HIV-positive patients with CHB were at increased risk of cirrhosis before HAART and a higher risk of HCC is suggested [[161], [162], [163], [164], [165], [166], [167]]. Treatment of HIV may lead to flares of hepatitis B due to immune reconstitution, but the risk of developing cirrhosis is negligible in HBV/HIV co-infected patients on long-term tenofovir combined with emtricitabine or lamivudine therapy [168]. The indications for therapy are the same as in HIV-negative patients, based on HBV DNA levels, serum ALT levels and histological lesions [169]. In agreement with recent HIV guidelines, it is recommended that most co-infected patients should be simultaneously treated for both HIV and HBV de novo [170]. Tenofovir combined with emtricitabine or lamivudine plus a third agent active against HIV are indicated [[170], [171]] (A1). The strong rationale for early dual anti-HIV and anti-HBV therapy have simplified the recommendations for widening the use of tenofovir and emtricitabine or lamivudine in HBV–HIV co-infected patients, irrespective of immunological, virological or histological considerations [172] (B1).

In a small number of patients with CD4 count >500/ml, HBV can be treated before the institution of anti-HIV therapy; PEG-IFN, adefovir and telbivudine, which are not proven to be active against HIV, should be preferred [170]. However, if any of these two NAs with a low barrier to resistance does not reach the goal of undetectable HBV DNA after 12 months of therapy, treatment of HIV infection should be envisaged. Lamivudine, entecavir and tenofovir have activity against both HIV and HBV and are contraindicated as single agents for hepatitis B in co-infected patients because of the risk of HIV resistance (A1). Thus, all HBsAg-positive patients should be screened for HIV before these drugs are used in the treatment of HBV infection (A1).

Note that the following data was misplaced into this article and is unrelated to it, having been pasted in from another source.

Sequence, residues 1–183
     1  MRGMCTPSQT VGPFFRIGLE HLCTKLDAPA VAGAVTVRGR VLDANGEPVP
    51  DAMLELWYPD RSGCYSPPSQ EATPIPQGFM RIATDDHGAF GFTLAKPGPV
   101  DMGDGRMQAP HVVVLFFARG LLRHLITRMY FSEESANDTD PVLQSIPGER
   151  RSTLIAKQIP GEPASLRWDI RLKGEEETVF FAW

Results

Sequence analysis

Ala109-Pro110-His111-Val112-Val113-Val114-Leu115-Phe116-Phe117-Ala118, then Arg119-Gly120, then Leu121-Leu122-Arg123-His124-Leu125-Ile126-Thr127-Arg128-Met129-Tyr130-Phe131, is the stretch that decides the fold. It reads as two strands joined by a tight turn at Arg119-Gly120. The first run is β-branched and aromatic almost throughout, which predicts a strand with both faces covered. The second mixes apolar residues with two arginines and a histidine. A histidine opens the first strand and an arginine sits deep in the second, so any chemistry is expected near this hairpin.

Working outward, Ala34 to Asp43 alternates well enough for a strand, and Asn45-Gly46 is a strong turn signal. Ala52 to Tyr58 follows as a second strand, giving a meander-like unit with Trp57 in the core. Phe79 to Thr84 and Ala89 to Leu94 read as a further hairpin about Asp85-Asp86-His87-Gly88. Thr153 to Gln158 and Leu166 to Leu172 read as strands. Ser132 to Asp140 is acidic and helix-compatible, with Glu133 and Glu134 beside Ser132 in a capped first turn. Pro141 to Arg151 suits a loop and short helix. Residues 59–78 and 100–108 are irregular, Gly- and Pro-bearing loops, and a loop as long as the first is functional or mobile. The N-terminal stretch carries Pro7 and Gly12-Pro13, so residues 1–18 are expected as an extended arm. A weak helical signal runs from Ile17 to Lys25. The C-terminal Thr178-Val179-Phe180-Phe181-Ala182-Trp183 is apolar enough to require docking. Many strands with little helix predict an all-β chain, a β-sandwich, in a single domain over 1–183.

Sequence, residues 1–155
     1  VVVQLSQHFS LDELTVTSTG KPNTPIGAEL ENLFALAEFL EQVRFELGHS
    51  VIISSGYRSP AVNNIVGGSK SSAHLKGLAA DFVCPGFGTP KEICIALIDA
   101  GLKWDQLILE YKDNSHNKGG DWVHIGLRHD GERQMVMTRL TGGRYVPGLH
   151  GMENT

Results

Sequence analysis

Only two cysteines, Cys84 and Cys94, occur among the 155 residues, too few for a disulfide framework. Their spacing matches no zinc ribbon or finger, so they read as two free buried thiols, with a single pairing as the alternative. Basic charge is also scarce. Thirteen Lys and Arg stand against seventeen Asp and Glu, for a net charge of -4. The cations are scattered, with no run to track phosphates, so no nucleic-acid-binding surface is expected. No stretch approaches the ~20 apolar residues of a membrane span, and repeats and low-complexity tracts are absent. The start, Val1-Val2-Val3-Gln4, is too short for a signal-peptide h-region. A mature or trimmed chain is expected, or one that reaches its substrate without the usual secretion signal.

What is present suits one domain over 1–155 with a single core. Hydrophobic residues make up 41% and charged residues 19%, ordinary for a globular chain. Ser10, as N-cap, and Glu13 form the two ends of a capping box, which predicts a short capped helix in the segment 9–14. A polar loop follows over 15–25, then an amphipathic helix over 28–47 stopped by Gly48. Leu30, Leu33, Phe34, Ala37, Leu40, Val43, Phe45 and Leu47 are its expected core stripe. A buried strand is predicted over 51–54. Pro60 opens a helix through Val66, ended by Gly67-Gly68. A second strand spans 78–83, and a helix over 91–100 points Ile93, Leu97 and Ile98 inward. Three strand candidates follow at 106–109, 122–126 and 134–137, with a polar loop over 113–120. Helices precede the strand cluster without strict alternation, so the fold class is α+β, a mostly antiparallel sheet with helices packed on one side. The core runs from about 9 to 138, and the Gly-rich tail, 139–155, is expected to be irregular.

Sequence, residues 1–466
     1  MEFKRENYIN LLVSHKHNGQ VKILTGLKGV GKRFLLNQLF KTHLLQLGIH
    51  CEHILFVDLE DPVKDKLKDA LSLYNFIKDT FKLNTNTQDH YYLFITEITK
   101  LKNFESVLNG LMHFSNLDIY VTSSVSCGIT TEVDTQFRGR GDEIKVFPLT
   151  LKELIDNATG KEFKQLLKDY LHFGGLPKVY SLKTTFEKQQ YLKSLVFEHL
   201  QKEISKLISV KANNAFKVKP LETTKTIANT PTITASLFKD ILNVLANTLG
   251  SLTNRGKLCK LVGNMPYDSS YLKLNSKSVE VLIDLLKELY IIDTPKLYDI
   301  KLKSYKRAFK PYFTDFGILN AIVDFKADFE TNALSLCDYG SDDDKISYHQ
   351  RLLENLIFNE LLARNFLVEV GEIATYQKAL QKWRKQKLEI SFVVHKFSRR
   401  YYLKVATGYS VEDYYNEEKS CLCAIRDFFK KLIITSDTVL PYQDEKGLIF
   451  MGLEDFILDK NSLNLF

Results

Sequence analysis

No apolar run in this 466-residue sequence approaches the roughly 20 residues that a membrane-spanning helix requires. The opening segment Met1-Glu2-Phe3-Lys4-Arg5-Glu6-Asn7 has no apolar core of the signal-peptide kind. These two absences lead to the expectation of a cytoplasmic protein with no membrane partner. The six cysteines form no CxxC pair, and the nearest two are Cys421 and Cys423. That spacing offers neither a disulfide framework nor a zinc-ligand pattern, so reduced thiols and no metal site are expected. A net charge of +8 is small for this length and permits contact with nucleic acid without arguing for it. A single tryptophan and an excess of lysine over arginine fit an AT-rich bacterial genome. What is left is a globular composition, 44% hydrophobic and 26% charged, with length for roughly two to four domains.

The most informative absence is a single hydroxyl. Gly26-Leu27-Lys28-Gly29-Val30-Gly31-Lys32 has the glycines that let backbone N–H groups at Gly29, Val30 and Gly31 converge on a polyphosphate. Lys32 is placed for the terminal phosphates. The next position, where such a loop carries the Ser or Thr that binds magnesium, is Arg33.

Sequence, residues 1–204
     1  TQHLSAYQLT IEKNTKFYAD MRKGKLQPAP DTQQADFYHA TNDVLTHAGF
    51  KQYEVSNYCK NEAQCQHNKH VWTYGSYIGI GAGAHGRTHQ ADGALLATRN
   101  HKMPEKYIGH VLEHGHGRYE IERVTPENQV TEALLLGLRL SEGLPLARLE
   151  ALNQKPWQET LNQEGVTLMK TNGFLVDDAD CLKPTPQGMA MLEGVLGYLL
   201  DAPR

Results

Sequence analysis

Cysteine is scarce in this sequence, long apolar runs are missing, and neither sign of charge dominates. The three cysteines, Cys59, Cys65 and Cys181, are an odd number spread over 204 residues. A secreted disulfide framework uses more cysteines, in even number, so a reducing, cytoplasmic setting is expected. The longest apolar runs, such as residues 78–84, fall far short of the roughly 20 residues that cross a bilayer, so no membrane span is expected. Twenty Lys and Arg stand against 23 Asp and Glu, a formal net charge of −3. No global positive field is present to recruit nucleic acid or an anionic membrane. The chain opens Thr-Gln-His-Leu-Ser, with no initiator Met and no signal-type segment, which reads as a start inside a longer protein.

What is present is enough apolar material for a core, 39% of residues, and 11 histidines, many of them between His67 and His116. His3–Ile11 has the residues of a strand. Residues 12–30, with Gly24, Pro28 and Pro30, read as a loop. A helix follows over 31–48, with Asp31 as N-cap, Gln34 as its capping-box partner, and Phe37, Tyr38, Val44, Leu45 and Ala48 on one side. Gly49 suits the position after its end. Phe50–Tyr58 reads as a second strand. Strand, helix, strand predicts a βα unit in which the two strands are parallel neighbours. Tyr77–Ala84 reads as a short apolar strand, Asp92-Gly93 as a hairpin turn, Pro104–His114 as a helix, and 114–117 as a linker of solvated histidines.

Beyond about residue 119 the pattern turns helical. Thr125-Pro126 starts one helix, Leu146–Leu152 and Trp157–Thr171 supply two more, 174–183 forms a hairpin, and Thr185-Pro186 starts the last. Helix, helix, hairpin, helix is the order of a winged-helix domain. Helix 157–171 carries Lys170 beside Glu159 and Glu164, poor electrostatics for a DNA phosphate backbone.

HDV co-infected patients

Severe or fulminant hepatitis is more frequently observed in HBV-HDV co-infection compared to HBV mono-infection [173]. Chronic infection after acute HBV-HDV hepatitis is less common, while chronic delta hepatitis develops in 70–90% of patients with HDV superinfection [[173], [174]]. Active co-infection with HDV is confirmed by detectable HDV RNA, immuno-histochemical staining for HDV antigen, or IgM anti-HDV [174]. However, diagnosis of active HDV infection may be difficult, as HDV RNA assays are not standardised and HDV antigen and IgM anti-HDV assays are not widely available [[174], [175]]. Persistent HDV replication leads to cirrhosis and HCC at annual rates of 4% and 2.8% and is the most important predictor of mortality evidencing the need of antiviral therapy [[173], [176], [177]].